Recently, the famous Limmud conference took place in Johannesburg. There was a wonderful turnout from all walks of Jewish life, a testament to the inclusivity of the event. The sessions I attended on Sunday were engaging and fascinating. It was therefore rather alarming to have experienced the last session, entitled “Ways of Staying: Making Meaning of White People’s Lives in South Africa”.
Although uncomfortable about the name of this session, as I don’t believe anybody should need to get so creative to find a life has meaning, I expected it would cover all the topics currently concerning the white population and the Jewish community. I was expecting to hear about crime and the escalation in murders, the rise in Antisemitism, the possible outcomes of the land expropriation debate and perhaps a discussion about security and how to be involved in building better lives together with all South Africans opposed to crime and land expropriation without compensation.
This was not what we got.
On the panel was advocate Tembeka Ngcukaitobi – a controversial figure endorsed by the EFF and author of the famous book “The Land is Ours”. Others on the panel were Lael Bethlehem – deeply involved in inner city regeneration, Richard Poplak – senior contributor to the Daily Maverick and Marc Pozniak – chair of the SAJBD (South African Jewish Board of Deputies) Gauteng Council and executive Committee member of the WJC (World Jewish Congress).
The session began with a statement from Lael Bethlehem that we all benefitted from Apartheid and that we all must find a way to give back more.
The next speaker was Richard Poplak who said that we must find a way to be more African, as we have a very narrow self-identity. He went as far as to say that we must ‘bring ourselves further down’ indicating such with his hand, implying that this will lift others up. It must be stated that bringing down one group of people does not lift another group of people. Anyone familiar with the history of economics will know that Marxism doesn’t work.
He emphasized that we do not do enough in thanks for the act of forgiveness which happened in 1994 and that only after we understand that “…can we start to contribute”. Emphasising the word ‘start’, he implied that we have not given just yet. He said that the time for “soft-giving” (charity) is over. Charity does work, and we have started. Tikkun Olam is in our very DNA and the Jewish community is involved in philanthropy and nation building. Afrika Tikkun is just one example of an organisation deeply committed to the betterment of disadvantaged communities. Knowing that handouts alone are not a solution, they work on a grass roots level together with the communities, building and educating.
Mr Ngcukaitobi then began his sermon. “When we see you, we see white, privileged people. We don’t know who is who. We see De Klerk’s great grandchildren the same way we see De Klerk. You may not like it, but it’s true”. According to Mr Ngcukaotobi, we will always be seen as Dr Klerk’s grandchildren, however we can buy our way out of this perception. An audience member suggested that we should learn an African language in school and Ngcukaitobi immediately responded, saying that we should learn an African language instead of English. “Why should I come here to speak in English?”.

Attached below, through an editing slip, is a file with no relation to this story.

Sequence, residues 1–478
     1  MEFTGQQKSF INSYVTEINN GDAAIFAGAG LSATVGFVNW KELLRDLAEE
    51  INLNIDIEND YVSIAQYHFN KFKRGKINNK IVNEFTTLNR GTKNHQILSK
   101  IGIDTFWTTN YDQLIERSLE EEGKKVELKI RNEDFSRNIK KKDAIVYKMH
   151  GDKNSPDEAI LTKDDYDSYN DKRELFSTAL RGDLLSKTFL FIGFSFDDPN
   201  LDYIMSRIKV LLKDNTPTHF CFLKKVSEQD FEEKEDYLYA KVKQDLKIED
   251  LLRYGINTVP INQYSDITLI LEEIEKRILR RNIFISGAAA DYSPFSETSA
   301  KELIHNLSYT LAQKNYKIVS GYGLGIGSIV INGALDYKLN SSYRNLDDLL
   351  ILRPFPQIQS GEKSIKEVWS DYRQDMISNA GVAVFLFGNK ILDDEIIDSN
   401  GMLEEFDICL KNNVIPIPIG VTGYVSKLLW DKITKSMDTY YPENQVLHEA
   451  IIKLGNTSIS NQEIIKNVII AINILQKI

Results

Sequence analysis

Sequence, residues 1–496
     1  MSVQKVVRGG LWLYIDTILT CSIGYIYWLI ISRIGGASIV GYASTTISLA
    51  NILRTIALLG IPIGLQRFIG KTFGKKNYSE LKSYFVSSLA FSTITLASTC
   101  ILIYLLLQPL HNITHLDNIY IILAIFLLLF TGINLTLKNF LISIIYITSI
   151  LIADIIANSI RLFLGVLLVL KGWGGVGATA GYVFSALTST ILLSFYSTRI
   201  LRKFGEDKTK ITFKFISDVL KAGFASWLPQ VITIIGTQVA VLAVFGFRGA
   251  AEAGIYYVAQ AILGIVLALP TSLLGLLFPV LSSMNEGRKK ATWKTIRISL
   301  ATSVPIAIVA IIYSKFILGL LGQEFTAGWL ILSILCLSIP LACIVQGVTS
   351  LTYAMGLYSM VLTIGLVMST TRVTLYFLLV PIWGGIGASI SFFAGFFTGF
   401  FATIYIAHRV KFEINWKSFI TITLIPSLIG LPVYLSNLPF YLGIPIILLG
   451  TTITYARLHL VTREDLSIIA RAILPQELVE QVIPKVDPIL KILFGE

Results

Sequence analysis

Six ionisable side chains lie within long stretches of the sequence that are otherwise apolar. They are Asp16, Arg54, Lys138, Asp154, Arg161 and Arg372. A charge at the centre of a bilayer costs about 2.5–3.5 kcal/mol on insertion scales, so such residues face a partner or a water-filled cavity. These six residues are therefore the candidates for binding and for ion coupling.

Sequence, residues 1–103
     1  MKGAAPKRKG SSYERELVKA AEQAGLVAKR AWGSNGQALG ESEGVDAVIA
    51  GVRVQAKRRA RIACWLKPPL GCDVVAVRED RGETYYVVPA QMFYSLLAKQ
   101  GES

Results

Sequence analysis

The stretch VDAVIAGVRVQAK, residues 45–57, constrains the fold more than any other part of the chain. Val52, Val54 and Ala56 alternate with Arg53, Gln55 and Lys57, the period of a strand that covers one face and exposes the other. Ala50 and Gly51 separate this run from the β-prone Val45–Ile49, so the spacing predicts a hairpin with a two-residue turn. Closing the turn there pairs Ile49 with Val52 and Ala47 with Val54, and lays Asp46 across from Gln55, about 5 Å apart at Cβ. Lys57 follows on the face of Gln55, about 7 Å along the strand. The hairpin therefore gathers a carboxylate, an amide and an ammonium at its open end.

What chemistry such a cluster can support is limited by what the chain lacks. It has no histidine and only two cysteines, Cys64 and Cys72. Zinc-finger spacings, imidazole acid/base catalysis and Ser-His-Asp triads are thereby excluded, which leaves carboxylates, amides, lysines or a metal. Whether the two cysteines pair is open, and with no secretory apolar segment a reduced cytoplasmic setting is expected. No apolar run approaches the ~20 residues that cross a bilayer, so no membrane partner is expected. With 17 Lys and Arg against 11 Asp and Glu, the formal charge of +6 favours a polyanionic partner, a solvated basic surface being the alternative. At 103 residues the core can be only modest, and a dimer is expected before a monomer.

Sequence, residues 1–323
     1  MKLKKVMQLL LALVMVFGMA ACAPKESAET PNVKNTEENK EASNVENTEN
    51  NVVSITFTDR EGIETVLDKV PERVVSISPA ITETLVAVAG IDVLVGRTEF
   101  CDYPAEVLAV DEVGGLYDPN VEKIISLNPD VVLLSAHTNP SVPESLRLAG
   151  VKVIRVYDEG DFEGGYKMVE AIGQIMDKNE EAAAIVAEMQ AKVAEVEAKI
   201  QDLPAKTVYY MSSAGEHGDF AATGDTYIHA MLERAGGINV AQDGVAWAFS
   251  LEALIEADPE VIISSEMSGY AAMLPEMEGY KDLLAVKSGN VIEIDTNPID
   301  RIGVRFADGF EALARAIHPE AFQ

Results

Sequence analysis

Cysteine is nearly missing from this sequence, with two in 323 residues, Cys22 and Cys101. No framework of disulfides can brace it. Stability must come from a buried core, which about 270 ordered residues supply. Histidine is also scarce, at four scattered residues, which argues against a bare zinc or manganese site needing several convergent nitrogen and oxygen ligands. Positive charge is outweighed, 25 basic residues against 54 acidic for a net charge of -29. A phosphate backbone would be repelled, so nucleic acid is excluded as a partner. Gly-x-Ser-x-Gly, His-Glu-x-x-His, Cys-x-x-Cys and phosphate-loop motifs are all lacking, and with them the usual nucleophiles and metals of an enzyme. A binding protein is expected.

This was a bizarre statement for such an educated man to make. English is a universal language and one of the tools which can help alleviate poverty. His speech continued with a statement that he was concerned about the emotional connections between people, “let us transcend race!” but in the same breath he insisted that we can only do this if we “give up our whiteness”.
“Give Up Your Whiteness”
“GIVE UP YOUR WHITENESS!” was Mr. Ngcukaitobi’s impassioned declaration. Alarmingly the exclamation was later echoed by Mr Poplak. Ngcukaitobi described a talk he gave at a gathering of Afrikaans farmers, joking inappropriately that he was worried they would shoot him. He said that he asked one of the farmers how many farms he owned and why he doesn’t simply give one away to his workers. The answer was that they would not necessarily know how to run the farm. “Rubbish!” Mr Ngcukaitobi declared loudly to our auditorium. He reiterated that the time for soft-giving is over.
I shudder to think what would happen if a white person stated to a room full of black people “give up your blackness”. There are three ideas that Mr. Ngcukaitobi’s reveals here, all of which are seriously problematic. The first is that being white is implicitly immoral as it is the cause of suffering and failure in South Africa. The second follows that we should cut ties with our white identities because of this. The third is that the way to solve economic disparity in South Africa is for white people to forfeit their land to black people. These propositions are repugnant, divisive and have no place in a multicultural and democratic society. Racist ideas are still racist if they target white people.
He continued “We do need the money. We do need the land. It is a matter of dignity.” The message was clear.
Lack of dialectic
Most concerning about this session was the display of false consciousness and lack of dialectic. There were no opposing voices and relevant contributions from the audience were dismissed. People nodded politely and whole-heartedly while being told to give up their land, be more African and give more. The act of pandering to those who are a threat is dangerous. It felt like Germany 1938.
Limmud would do well to invite speakers who advocate dangerous ideas only if they have a real conversation with those who are opposed to these ideas. In this situation, Limmud gave a platform to a group of people who promoted the racist ideology of anti-whiteness while plastering over the serious problems in this country of poverty and land-ownership, leaving the audience without a balancing perspective.